February, 2001 — The Journal of the American Academy of Child and Adolescent Psychiatry (JAACAP) accepts Keller et al article "Efficacy of Paroxetine in the Treatment of Adolescent Major Depression, A Randomized Controlled Trial" for publication (see Aug, 1999 and July, 2001)

Despite the fact that Dr Keller has been made aware of the concerns of the 3 JAMA reviewers, and the JAACAP reviewers (see July 27, 2000), the safety concerns are not addressed (see transcript page 371–383) in the version accepted for publication, including those by the JAACAP reviewers.

March, 2001 —In an email to PR company Cohn and Wolfe, SKB writes: "Originally we planned to do extensive media relations surrounding this study [329] until we viewed the results. Essentially the study did not really show Paxil was effective in treating adolescent depression, which is not something we want to publicize."

April 25, 2001 — An e-mail from Sally Laden to GSK makes the following request: (see page 355) "Marty Keller is a corresponding author and will need a supply of reprints. I anticipate that he will need a sizable quantity because of the importance of this paper. Probably in the vicinity of 500 reprints. Dr. Keller is wondering if GSK will fund the purchase of these reprints."

Subsequent testimony confirmed that GSK paid for the reprints, they were delivered to Dr. Keller, and presumably used to send to practitioners inquiring about the use of paroxetine in treating their patients.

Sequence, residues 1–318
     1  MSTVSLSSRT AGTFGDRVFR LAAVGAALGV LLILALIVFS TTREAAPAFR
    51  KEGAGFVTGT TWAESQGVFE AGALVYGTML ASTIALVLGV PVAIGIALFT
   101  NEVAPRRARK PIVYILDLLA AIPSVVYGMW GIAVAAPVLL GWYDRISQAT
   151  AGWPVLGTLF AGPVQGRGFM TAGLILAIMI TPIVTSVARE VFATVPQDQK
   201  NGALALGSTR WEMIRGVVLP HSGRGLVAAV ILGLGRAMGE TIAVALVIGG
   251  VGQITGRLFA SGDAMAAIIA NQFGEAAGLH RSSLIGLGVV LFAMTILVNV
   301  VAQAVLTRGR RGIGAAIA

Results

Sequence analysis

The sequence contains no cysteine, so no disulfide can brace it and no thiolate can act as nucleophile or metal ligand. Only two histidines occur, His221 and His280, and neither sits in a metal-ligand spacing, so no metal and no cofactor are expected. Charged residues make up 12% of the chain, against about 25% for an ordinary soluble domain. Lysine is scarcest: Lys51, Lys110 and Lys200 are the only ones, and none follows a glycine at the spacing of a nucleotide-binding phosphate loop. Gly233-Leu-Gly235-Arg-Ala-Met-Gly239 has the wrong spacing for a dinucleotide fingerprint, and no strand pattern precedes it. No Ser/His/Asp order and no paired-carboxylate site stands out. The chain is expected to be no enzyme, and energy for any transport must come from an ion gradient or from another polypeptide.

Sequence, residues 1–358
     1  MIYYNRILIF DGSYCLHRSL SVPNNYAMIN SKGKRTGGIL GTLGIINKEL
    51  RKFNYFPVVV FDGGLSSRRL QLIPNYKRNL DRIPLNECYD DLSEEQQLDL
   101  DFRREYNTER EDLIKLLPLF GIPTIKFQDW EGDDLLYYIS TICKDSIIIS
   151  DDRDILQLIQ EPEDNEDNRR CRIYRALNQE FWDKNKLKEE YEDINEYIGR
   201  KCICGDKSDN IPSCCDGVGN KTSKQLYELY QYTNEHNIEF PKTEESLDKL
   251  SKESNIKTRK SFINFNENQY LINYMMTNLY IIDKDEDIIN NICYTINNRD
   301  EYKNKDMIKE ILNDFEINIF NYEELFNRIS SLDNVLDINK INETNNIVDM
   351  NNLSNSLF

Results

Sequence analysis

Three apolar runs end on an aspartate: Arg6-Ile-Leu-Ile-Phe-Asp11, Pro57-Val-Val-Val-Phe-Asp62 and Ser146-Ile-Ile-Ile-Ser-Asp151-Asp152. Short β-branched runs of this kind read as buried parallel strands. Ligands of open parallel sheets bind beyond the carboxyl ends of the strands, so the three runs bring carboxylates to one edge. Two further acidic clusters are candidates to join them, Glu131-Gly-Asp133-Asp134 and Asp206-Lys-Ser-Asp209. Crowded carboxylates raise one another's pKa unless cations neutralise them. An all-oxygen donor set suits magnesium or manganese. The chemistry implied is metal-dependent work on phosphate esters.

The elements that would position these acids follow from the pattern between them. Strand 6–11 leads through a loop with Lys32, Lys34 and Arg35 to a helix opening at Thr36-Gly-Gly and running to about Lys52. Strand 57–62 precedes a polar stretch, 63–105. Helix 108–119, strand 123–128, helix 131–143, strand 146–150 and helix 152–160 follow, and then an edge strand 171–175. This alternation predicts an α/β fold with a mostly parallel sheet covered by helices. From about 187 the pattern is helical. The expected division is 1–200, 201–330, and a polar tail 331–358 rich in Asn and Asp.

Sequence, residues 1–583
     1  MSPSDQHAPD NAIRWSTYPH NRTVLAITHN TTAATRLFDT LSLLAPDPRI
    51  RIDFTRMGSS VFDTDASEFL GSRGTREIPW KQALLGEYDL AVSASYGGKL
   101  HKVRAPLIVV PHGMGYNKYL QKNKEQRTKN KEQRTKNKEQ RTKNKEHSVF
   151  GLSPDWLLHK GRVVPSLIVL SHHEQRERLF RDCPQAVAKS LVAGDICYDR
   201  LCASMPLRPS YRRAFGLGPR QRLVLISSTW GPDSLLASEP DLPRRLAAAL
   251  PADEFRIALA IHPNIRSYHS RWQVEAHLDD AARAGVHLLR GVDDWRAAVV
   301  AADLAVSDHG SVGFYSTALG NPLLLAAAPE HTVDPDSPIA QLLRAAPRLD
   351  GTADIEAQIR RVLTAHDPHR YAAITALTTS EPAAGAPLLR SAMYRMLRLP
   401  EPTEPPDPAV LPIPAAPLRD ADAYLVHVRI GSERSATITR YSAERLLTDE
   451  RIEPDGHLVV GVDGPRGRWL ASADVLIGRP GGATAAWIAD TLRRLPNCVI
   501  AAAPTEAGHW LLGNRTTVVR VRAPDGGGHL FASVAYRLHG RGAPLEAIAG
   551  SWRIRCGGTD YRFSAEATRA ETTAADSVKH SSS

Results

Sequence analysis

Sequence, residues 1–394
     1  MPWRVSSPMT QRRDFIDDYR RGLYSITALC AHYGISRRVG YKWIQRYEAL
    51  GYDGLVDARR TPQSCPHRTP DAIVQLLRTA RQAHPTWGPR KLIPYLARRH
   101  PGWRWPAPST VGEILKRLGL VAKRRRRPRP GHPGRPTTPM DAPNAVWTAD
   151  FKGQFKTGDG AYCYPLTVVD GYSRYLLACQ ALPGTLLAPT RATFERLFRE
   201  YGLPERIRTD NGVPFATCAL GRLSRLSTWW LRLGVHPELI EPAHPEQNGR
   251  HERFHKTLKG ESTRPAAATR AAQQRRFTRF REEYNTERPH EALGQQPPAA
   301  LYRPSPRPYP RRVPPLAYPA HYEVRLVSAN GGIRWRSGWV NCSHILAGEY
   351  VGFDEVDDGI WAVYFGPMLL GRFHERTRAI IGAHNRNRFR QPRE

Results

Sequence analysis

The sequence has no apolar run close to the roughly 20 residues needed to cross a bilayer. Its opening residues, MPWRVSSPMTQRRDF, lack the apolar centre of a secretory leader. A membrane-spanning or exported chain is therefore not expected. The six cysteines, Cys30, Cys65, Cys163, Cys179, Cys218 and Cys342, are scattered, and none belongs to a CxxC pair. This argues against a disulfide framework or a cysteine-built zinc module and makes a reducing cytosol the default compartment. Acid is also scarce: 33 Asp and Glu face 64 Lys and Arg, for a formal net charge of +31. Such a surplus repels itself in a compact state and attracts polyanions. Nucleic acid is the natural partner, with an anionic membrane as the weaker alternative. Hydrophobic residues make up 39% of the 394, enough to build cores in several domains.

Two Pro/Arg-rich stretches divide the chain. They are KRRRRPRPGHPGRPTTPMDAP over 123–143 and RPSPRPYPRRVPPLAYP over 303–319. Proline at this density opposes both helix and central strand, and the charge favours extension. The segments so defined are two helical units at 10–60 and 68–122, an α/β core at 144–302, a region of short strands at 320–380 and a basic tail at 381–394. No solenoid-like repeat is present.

June 6, 2001 — Tobin vs SmithKline Beecham Pharmaceuticals Verdict. A U.S. District Court jury in Wyoming awards $6.4 million to the relatives of Don Schell, a Gillette man. With a prior history of a poor response to an SSRI, Don was put on Paxil. Forty-eight hours later he put three bullets from two different guns through the heads of his wife, Rita, his daughter, Deborah, and his granddaughter, Alyssa. Then he shot and killed himself. The jury rules that the global pharmaceutical company is 80 percent responsible for the deaths for failure to provide doctors with pertinent information and warnings. (From Let Them Eat Prozac, by David Healy, 2004)

June 11, 2001 — Dr David Healy concludes, based on reading records of trials carried out by the manufacturers which showed healthy volunteers were suffering withdrawal symptoms after taking the drug for just a couple of weeks, that thousands of people in the UK could be hooked on the anti-depressant drug Seroxat (paroxetine/Paxil), without knowing it.

Dr Healy had been given access to GSK's archives because he was an expert witness in the Tobin case. He says more than half of people on Seroxat/Paxil (paroxetine) may have "significant" withdrawal problems: (see page 14) "It was clear from early on that the company had recognised that people who had been on this drug even for relatively brief periods of time could go through withdrawal when they halted, and they ran healthy volunteer trials to look at this further and found that in some instances up to 85% of the volunteers who had been on this drug for only two or three weeks had withdrawal problems when they halted."